Thursday, September 16, 2010


Randy Roller      09/15/2010

As I stare at this blank page while reflecting upon my days as a young boy, I always find myself remembering what I refer to as the “good old days”! We never locked the doors and we always crossed our hearts with reverence when the National Anthem was played. Baseball or going to the creek or just hanging out day dreaming about what the future would hold seemed to be the grandest of times.

See, we believed in America! Is this a concept that has lost favor in today’s culture? I notice only the older people show reverence to the National Anthem and the beautiful flag, anymore. As “old glory” is my focus and I am at full salute, I notice the young generation talking and laughing and sadly many of my generation are doing the same! It is not the fault of our children but falls squarely on our own shoulders as we fell asleep along time ago and forgot the importance of teaching our children what it really means to be an American. We were born Americans by God’s grace; however, it seems not to be a good thing  these days with all the “let’s bash America crowd” going around from within. Hollywood and the media remind us of this on a daily basis!

No matter what is said here or abroad, I still see the days of baseball, unlocked doors and that beautiful flag and a place where even an average person could one day be great with hard work and a “can do” attitude. American people have always been strong, resilient, self reliant and American exceptionalism has always been the heart and soul of this nation. America has faced both good times and bad times; however, during times of trouble we have always hitched up our britches and did what needed and helped ourselves and our neighbors. The individual was and has been the key to our success. I really understand the wisdom of our founding fathers when they choose to start that amazing document with “WE THE PEOPLE”! Have you ever noticed the size of those three words on the original document? I think they really wanted us to understand the importance of those words more than any other and really makes us a very unique place.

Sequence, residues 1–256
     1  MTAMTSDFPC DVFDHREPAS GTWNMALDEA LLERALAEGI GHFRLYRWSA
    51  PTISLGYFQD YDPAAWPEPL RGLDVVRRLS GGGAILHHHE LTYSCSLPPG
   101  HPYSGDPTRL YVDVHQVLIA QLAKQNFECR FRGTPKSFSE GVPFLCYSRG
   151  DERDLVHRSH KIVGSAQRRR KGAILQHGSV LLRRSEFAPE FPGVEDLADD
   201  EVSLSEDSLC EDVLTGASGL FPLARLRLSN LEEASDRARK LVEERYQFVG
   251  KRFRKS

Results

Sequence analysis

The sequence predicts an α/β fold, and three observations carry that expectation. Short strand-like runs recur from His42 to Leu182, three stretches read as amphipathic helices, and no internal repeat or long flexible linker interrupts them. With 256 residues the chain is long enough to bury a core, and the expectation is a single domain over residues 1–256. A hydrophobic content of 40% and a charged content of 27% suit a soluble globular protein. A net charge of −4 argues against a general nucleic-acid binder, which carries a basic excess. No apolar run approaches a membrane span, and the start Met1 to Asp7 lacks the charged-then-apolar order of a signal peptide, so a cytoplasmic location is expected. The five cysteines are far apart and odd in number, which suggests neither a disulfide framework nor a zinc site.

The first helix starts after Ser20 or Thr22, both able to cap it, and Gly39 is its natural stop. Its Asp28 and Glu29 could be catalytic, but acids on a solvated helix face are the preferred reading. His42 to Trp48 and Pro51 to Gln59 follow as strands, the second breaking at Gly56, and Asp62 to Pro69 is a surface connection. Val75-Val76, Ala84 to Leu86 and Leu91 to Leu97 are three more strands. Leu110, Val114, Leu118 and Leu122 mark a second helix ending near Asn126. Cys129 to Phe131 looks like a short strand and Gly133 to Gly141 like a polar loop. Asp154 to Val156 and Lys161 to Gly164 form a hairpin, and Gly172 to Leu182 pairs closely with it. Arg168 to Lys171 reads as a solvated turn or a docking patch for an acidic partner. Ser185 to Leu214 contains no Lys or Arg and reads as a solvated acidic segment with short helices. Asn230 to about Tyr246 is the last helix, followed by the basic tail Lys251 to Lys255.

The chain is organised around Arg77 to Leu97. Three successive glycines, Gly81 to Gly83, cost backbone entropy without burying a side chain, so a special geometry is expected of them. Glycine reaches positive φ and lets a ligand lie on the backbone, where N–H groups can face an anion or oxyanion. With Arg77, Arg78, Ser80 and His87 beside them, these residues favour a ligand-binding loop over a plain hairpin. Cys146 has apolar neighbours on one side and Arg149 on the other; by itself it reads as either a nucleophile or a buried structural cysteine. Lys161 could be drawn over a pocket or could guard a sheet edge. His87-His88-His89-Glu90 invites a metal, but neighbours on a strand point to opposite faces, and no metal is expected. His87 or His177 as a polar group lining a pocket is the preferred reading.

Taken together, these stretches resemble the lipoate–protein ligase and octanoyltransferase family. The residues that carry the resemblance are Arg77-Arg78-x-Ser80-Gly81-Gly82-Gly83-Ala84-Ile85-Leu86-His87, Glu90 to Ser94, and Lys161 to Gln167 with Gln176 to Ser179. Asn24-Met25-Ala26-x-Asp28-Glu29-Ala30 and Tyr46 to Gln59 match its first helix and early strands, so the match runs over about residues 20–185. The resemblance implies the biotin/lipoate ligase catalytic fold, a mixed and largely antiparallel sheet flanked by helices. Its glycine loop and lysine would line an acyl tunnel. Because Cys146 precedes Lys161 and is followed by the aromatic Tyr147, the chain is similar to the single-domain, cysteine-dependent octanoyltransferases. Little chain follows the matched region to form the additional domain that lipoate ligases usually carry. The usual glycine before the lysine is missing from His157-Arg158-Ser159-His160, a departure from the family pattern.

The French writer Alexis de Tocqueville wrote about it in 1831. He said “The position of the Americans is therefore quite exceptional, and it may be believed that no democratic people will ever be placed in a similar one.”  We take for granted what Tocqueville saw in the American people every day. One of Alexis de Toqueville's original arguments for American exceptionalism still stands; America remains particularly attractive to immigrants because of its perceived economic and political opportunities.

What is the true American spirit that makes our country that exceptional place? America started as a rough but beautiful land and the unique document we call the “Constitution” is more than exceptional and some would even claim it came from “divine providence”. As all my friends know, American History is a very important part of my life! I really enjoy reading about pre 1900 American history and the resilient people who with little more than faith carved out a new world. I know we have made many mistakes; however, I can’t think of any other place since the dawn of mankind that tries to do the best with what we have.
America is too big a place for small dreams and that is true today as it was in the days of my youth when baseball and fishing ruled the day. From Valley Forge to Normandy and even Afghanistan, our best have died so we have the right to liberty, freedom and no dream is too large.